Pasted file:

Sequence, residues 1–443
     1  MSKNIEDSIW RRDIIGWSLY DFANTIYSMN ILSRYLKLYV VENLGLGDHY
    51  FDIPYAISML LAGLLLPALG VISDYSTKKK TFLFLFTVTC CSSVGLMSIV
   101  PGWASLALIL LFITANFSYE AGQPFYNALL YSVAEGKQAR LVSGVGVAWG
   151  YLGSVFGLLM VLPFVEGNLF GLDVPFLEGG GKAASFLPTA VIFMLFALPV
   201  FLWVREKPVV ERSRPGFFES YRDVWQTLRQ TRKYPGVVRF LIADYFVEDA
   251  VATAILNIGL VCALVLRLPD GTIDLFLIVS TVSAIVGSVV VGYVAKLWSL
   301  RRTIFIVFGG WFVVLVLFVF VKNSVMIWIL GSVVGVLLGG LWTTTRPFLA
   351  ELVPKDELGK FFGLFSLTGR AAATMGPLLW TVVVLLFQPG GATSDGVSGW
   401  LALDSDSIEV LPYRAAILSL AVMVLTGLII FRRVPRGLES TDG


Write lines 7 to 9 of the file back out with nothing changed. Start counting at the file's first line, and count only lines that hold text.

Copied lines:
   251  VATAILNIGL VCALVLRLPD GTIDLFLIVS TVSAIVGSVV VGYVAKLWSL
   301  RRTIFIVFGG WFVVLVLFVF VKNSVMIWIL GSVVGVLLGG LWTTTRPFLA
   351  ELVPKDELGK FFGLFSLTGR AAATMGPLLW TVVVLLFQPG GATSDGVSGW